The real action was not in defeating the Eknodine or even out-thinking the Dream Lord but rather in the interaction between the three main characters.  The subtle tug-of-war between Amy and Rory as each quietly hope that opposite worlds are the real one.  Rory is still terribly unsure of himself throughout the episode; when Amy tell the Dream Lord that she's already chosen between Rory and The Doctor, Rory has to actually hear her say it's him she chose before he relaxes.  Even Amy's not sure which life she wants until the choice is violently taken away from her. 

And it's very interesting that in both worlds, they have to leave the dream not by winning against the deadly threat, but by losing, and dying.  The Dream Lord literally tells them that if they think the pastoral Leadworth is the false world, they can leave by jumping under a bus.  The Doctor takes chances with his life every day, but to make such a choice for his friends is horrific.  And for him (or his dark side of the Dream Lord) to make AMY make that choice is jarring indeed. 

GUEST STAR REPORT

Toby Jones (Dream Lord) is quite well known to genre fans as the voice of Dobby the House Elf in the Harry Potter films.  He's played Truman Capote in the (other) biopic Infamous, he's one of many Who-lumni in the St. Trinian's movies, and played Karl Rove in W.  He's got a role in the upcoming Tintin movie (written by Steven Moffat and some bloke named Edgar Wright) and he's just been cast as headless Nazi cyborg Arnim Zola in the upcoming Captain America movie.  If nothing else, we know he'll fit in the suit...

Simon Nye (writer) is best known for creating the British series Men Behaving Badly.  He's recently written a remake of the classic Britcom The Fall and Rise of Reginald Perrin. He's done a number of sitcoms since including Hardware and Savages.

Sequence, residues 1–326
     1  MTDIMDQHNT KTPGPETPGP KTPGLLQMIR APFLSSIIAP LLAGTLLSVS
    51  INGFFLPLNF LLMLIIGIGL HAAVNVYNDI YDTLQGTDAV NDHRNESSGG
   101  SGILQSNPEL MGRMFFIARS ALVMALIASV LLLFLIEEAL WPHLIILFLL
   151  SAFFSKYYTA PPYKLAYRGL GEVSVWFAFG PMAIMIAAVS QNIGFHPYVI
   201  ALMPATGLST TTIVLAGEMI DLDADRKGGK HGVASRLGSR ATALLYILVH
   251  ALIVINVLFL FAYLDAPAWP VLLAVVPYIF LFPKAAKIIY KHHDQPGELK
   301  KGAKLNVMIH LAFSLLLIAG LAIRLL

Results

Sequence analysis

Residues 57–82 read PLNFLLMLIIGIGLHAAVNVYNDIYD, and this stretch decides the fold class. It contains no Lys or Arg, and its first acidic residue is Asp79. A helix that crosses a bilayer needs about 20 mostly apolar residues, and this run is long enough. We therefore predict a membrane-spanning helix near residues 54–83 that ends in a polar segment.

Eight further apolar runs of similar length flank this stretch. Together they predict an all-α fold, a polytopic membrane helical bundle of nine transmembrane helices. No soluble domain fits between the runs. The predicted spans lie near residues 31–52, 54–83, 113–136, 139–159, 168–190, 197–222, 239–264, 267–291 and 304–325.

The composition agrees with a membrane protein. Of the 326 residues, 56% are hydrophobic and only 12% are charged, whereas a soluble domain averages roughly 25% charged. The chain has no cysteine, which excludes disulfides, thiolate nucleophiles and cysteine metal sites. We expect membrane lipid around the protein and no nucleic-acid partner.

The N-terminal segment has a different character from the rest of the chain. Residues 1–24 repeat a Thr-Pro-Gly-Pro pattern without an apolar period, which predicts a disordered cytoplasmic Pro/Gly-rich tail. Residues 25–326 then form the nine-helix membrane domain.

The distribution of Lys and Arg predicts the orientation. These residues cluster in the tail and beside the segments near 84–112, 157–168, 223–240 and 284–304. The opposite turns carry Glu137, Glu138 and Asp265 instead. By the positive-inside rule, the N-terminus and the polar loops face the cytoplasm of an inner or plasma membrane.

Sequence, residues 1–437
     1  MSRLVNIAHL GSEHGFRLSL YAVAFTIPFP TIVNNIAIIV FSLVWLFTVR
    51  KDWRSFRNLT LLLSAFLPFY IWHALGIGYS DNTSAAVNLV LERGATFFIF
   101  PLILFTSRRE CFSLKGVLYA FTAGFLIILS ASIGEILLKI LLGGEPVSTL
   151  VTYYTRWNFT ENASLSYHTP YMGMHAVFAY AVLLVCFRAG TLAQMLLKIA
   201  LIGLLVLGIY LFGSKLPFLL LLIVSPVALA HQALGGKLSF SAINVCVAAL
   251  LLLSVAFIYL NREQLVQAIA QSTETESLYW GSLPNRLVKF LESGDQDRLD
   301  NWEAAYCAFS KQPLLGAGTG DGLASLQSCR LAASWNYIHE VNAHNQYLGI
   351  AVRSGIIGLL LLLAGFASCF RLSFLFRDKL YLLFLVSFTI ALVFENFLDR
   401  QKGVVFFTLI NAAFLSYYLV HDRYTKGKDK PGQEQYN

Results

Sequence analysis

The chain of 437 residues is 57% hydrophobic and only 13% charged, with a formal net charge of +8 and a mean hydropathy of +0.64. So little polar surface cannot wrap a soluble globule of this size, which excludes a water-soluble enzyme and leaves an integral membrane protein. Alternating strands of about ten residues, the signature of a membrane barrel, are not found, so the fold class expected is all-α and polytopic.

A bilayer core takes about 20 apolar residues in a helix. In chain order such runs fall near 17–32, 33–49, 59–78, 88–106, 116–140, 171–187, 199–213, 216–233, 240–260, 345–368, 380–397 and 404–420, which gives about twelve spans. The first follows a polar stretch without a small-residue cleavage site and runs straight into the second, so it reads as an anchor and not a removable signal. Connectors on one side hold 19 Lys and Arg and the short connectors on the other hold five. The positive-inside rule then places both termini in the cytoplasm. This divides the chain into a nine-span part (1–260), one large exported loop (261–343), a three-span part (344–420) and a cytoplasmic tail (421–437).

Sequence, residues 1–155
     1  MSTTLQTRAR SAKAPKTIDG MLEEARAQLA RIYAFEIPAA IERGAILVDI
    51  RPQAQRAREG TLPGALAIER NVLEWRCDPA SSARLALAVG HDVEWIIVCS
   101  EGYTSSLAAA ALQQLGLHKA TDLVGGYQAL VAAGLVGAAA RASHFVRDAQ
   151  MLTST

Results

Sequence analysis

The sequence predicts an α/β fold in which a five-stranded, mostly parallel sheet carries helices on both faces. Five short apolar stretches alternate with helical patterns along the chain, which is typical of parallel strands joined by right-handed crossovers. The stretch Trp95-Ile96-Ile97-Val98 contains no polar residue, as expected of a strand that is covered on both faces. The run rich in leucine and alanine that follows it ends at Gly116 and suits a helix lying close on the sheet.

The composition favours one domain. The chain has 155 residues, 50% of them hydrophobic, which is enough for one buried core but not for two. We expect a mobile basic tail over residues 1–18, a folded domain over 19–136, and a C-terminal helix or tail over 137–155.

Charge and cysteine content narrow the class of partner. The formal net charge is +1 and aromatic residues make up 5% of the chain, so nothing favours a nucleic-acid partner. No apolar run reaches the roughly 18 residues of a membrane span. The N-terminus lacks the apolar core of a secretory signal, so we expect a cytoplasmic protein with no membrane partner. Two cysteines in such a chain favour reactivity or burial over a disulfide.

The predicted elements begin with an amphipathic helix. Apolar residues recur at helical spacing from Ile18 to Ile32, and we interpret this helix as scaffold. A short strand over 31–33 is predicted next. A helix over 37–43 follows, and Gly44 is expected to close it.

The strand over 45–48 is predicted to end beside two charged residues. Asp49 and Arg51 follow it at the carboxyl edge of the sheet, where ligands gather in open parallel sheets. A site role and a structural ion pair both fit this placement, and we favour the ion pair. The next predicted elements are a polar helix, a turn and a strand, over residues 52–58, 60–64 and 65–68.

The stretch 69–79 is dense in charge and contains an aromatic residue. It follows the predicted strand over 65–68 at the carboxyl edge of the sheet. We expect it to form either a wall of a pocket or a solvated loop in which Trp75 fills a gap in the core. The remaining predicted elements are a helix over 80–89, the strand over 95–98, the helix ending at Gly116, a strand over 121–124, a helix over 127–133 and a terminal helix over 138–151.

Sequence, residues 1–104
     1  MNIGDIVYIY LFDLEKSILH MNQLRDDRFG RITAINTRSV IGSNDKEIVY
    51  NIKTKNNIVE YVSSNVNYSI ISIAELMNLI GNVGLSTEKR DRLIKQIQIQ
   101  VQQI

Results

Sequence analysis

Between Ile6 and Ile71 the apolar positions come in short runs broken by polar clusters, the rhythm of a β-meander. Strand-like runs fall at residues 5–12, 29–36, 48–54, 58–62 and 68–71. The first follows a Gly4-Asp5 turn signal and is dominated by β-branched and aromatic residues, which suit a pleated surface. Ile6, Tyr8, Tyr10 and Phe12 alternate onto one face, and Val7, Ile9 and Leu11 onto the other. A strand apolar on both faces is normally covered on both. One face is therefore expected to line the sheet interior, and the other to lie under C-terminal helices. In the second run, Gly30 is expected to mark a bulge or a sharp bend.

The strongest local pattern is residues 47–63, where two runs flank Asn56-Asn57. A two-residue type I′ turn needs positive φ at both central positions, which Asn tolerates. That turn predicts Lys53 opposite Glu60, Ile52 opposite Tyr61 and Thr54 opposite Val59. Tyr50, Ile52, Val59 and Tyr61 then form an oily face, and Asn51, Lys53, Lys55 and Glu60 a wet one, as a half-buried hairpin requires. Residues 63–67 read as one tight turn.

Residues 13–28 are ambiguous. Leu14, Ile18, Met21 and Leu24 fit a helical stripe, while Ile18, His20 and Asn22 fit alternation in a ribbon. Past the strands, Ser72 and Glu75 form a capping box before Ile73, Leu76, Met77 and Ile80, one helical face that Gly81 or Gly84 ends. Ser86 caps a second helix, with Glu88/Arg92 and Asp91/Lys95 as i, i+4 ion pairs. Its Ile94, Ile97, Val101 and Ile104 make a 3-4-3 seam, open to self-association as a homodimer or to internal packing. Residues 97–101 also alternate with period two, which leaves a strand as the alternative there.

MONSTER REPORT - The Dream Lord is not the first time The Doctor met an evil twisted version of himself.  In The Face of Evil, the computer god Xoanon was programmed with a copy of his brain patterns.  Still unsettled from his regeneration, they became corrupted over the centuries and played havoc with the descendants of Survey Team 7.  In the Trial of a Time Lord stories, we learned that The Valeyard was in fact the evil side of the Doctor's mind, separated from him and become flesh at some point after his twelfth regeneration.  Meglos, the last of the Zolfa-Thurans, impersonated The Doctor to achive his own goals in the episode of the same name.

BACKGROUND BITS AND BOBS - Trivia and production details

The episode's title is an obvious tip of the cap to the Meryl Streep film Sophie's Choice, but both are references to the somewhat antiquated phrase "Hobson's Choice", which specifically refers to a false choice that really only provides one valid selection (as in "you get this or nothing") but is colloquially misused to refer to an impossible decision between two unpleasant outcomes.

NOT A DREAM, NOT A HOAX, NOT AN IMAGINARY STORY - Russell T. Davies put an absolute moratorium on the old "oh, it was only a dream" cliché in his run of the series, so Steven Moffat thought it would be quite the delight to finally do such a story in his series.  We've seen The Doctor in a variety of artificial realities, similar to The Matrix in The Deadly Assassin.  The Doctor was caught in a massive planet created by Block Transfer Computation in the first Davison adventure Logopolis.  Even Donna Noble and Sarah Jane have been trapped in fake parallel realities by various members of the Trickster Brigade.